John Major's 'bad luck' comment is 'absolutely disgraceful' says son of victim

Sir John Major giving evidence at today's Infected Blood Inquiry.

Sir John Major giving evidence at today's Infected Blood Inquiry. - Credit: INFECTED BLOOD INQUIRY

Thousands of victims of the infected blood scandal suffered “incredibly bad luck”, former prime minister Sir John Major has told an inquiry today (Monday).

Audible gasps could be heard from those present at the Infected Blood Inquiry in London after former Huntingdon MP, Sir John suggested no amount of money could have offered a true level of compensation for what had happened and described what happened as "bad luck".

Tony Farrugia's father Barry died in September 1986, at the age of 37, from the related causes of the HIV virus. He was given Factor 8 concentrate from imported blood to treat his mild haemophilia.

He was treated for viral Hepatitis in 1977 and went on to develop Hepatitis B and C, and HIV. Barry, a father-of-five, suffered huge physical, mental and emotional distress in the last few months of his life. 

Tony, who lives in St Neots, said: "John Major's comment is disgraceful and disgusting. This is not bad luck, it was well known in medical circles and in the health ministry that these products were dangerous. 

"The pharmaceutical companies were more worried about their profits and they and the Government ignored the endless warnings from really well documented evidence that was available.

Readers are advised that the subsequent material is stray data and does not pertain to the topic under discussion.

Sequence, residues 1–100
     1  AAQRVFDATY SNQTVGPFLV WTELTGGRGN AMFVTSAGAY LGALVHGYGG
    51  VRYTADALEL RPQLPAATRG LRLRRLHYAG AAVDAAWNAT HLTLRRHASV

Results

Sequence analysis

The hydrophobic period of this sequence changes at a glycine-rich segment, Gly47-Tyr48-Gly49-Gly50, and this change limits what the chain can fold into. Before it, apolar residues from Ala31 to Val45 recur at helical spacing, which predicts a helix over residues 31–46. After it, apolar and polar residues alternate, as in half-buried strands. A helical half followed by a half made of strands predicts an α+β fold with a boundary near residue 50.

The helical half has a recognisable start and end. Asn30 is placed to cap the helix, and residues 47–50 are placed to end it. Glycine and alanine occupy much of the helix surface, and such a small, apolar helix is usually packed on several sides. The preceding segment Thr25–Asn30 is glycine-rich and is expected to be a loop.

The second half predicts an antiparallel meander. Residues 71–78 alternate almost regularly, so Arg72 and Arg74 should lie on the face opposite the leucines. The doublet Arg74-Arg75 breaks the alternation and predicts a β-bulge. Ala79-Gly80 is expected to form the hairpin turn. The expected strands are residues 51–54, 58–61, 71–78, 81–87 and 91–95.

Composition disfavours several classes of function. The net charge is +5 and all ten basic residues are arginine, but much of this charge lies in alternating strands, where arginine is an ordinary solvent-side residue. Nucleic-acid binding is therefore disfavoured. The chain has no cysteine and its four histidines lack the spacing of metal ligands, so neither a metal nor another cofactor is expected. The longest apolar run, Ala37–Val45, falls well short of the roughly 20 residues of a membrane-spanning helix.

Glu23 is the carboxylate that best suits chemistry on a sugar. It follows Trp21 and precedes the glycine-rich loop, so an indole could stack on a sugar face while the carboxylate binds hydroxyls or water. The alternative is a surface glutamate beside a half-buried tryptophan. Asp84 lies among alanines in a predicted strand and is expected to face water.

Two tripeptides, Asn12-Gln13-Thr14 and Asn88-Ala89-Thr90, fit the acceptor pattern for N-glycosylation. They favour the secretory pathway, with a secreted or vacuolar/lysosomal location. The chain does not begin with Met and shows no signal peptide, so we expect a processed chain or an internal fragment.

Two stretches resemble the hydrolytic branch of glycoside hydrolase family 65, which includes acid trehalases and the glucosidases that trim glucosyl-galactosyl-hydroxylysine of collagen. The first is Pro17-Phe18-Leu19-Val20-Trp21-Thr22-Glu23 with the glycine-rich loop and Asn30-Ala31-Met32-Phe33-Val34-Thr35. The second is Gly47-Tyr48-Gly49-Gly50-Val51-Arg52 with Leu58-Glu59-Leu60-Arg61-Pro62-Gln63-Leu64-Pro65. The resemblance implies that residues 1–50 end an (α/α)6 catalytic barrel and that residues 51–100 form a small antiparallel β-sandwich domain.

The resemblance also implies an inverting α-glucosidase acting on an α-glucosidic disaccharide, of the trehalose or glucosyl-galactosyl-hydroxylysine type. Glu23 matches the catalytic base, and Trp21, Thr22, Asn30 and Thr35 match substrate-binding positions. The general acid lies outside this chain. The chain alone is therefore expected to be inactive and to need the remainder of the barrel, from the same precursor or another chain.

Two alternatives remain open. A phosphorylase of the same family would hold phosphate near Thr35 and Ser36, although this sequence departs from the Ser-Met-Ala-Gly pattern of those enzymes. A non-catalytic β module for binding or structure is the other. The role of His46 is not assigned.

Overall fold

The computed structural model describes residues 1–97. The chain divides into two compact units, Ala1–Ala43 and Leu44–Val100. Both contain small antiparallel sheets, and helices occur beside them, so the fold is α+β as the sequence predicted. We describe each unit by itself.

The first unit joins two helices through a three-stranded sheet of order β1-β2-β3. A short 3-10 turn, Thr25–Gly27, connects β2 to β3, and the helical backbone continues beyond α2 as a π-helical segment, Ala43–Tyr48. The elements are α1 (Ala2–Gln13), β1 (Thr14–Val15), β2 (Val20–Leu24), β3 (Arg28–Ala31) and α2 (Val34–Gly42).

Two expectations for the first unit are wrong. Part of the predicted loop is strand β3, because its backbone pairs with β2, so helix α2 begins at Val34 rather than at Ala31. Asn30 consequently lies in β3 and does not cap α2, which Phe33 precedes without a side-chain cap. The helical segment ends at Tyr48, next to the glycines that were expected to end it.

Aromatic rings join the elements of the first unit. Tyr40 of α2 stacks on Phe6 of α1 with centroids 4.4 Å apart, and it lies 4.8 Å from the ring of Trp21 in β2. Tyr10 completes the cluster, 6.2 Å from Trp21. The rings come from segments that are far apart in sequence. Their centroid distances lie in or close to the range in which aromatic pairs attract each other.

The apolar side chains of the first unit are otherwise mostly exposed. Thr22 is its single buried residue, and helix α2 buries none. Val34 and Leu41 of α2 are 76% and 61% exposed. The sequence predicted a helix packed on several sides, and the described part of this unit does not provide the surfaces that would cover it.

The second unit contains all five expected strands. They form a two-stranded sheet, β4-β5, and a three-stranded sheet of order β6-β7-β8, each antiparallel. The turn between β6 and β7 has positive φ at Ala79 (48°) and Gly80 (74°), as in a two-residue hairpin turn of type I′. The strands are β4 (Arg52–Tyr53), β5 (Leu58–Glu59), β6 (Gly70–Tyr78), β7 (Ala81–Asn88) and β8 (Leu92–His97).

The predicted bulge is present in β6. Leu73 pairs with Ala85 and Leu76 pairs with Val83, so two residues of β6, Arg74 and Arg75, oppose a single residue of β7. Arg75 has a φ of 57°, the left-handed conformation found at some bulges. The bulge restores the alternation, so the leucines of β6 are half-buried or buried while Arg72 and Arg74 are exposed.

"The only bad luck is that people have been caught out after more than 40 years' of campaigning by families and the Factor 8 group." 

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Thousands of people contracted HIV or Hepatitis C, and in some cases both, from contaminated blood and blood products in what has been described as the biggest treatment disaster in the history of the NHS.

Sir John was asked about a letter he wrote in November 1987, when he was Chief Secretary to the Treasury, in which he said: “I have to say that, although in terms of equity there might seem to be some gains to be made from a positive response, it would seem to have very real dangers.

“How could such a precedent be ring-fenced? It could lead to an open-ended commitment of huge dimensions.

“Might it not give rise to court action against the Government because of the implication of negligence?

“Have the law offices given a view on the possible consequences of a sympathetic response?

“I do not feel that we can afford to offer such a response until the pros and cons have been thoroughly considered."

Asked about the letter during the public inquiry, Sir John said he was pointing out that the pros and cons must be considered, including how much compensation should be offered.

He described the effects of the scandal on victims as a “horror”, adding: “There’s no amount of compensation you can give that could actually compensate for what had happened to them.

“What had happened to them was incredibly bad luck – awful – and it was not something that anybody was unsympathetic to.”